Johanknecht prepares for transition to King County Sheriff
BURIEN, Wash. - Lugging her case of berry-flavored sparkling water and her briefcase, Mitzi Johanknecht walked into the King County Sheriff’s Office Burien precinct ready for another day of leading a double life Tuesday.
Days have been starting early and ending late for Johanknecht in recent weeks. While maintaining her full workload as the precinct commander she is also quickly studying up on leadership, policies and even getting fitted for a new uniform in her free moments.
Nearly a month ago Johanknecht was elected Sheriff.
For more than 30 years Johanknecht has maintained a low profile at the sheriff’s office. She has held multiple roles – working in the precincts even in the special operations division. She said she never even considered running for the top post until colleagues came to her last spring.
Now, after beating incumbent John Urquhart, Johanknecht is quickly learning how to lead a force of more than 730 deputies.
“It’s surreal,” Johanknecht said during an interview Tuesday.
Johanknecht said she has selected her leadership team. Her Chief Deputy, or second-in-charge, will be Scott Somers. Somers has been with the agency nearly 40 years.
Both Somers and Johanknecht say their top priority is creating a nurturing workplace for deputies. Something both say has eroded under Urquhart.
“Over the last five years folks have felt if they do anything wrong they’ll get fired. It’s about turning around that perception,” Johanknecht said.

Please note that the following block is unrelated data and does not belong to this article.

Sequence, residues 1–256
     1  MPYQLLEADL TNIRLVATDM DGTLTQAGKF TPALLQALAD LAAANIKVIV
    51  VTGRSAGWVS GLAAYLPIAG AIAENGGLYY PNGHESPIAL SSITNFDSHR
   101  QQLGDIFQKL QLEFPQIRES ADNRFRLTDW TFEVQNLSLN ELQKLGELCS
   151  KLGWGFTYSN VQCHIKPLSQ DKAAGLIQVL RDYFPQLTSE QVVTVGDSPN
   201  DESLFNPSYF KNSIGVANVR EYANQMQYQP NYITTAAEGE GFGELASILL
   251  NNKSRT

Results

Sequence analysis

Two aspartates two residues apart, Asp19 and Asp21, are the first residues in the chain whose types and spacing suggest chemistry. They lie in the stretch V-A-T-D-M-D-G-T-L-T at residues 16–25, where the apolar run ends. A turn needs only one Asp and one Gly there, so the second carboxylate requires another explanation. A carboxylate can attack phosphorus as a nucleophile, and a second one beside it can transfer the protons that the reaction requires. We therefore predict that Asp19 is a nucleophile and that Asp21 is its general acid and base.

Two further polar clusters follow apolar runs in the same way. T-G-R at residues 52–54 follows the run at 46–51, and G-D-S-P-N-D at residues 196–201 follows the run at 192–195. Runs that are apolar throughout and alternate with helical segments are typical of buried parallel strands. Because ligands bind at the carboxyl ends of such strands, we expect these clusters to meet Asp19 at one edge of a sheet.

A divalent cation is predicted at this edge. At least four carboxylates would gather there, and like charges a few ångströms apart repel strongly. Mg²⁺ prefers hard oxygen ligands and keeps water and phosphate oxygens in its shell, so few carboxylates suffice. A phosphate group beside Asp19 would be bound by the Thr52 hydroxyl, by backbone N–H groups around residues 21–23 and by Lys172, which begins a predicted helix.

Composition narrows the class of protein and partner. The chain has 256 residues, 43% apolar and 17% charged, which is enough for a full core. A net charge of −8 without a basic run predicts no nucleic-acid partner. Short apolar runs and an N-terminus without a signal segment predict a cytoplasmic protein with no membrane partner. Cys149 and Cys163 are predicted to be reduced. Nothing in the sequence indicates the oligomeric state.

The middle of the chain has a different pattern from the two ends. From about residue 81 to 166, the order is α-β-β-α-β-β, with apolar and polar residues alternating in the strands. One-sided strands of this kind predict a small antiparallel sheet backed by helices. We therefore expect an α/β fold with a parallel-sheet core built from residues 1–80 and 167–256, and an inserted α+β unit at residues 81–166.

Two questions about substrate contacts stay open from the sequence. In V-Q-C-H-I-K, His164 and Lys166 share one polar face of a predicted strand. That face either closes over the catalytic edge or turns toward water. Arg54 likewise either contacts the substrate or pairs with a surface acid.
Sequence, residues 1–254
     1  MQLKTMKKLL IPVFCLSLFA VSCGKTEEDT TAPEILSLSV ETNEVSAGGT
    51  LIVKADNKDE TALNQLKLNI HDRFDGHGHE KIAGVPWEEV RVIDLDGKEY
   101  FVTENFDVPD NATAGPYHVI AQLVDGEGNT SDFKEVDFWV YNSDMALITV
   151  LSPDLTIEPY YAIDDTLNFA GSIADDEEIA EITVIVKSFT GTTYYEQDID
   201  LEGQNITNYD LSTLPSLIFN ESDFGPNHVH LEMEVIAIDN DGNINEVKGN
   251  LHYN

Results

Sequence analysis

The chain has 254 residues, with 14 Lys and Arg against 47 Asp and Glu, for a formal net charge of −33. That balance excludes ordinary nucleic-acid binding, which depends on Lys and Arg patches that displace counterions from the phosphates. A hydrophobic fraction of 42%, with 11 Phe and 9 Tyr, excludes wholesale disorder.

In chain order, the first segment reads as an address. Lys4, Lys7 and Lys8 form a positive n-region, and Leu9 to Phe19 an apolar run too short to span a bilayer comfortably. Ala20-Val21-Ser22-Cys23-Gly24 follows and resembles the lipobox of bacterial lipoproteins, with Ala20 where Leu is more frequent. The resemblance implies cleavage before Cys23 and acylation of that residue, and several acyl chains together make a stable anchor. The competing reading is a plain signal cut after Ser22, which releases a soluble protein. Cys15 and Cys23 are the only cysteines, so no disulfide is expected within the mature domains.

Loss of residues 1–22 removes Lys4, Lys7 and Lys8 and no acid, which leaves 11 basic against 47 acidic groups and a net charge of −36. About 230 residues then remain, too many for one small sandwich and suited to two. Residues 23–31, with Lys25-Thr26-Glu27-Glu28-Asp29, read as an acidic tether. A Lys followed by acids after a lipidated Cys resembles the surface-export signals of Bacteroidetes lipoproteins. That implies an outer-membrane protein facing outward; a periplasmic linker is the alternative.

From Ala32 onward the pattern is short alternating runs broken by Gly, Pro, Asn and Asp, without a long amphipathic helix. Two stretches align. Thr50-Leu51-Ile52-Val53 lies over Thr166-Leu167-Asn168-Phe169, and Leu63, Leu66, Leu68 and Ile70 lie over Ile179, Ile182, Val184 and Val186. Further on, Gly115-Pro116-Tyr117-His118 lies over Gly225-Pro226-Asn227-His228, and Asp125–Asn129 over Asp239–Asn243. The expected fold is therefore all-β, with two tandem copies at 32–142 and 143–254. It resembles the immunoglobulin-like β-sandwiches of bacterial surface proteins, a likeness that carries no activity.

Urquhart blamed Johanknecht and her team for playing a role in a recent sex assault investigation. Renton police found probable cause to recommend criminal charges be filed. Snohomish County Prosecutor Mark Roe, who reviewed the case, declined to file the case in court.
Johanknecht said she hasn’t spoken to Urquhart since the election. She said her team is getting the help they need preparing for the transition from current Chief Deputy Jim Pugel.
Pugel, Somers said, will stay on board at the sheriff’s office after Johanknecht takes over.
Johanknecht said she has also sought guidance from other local law enforcement leaders as well as a former boss.
Former King County Sheriff Sue Rahr, who is the executive director of the state’s Criminal Justice Training Commission, said she has met with Johanknecht.
Rahr said she wanted to tell the new Sheriff “to tell her to buckle up. This is a lot harder than it looks from the outside.”
Rahr said she’s known Johanknecht for nearly 30 years and has full confidence in the changes she’ll make after taking office on January 2.
“She’s very good at bringing people together,” Rahr said. “I know in informal conversations with folks around the sheriff’s office there’s a lot of excitement and a lot of optimism.”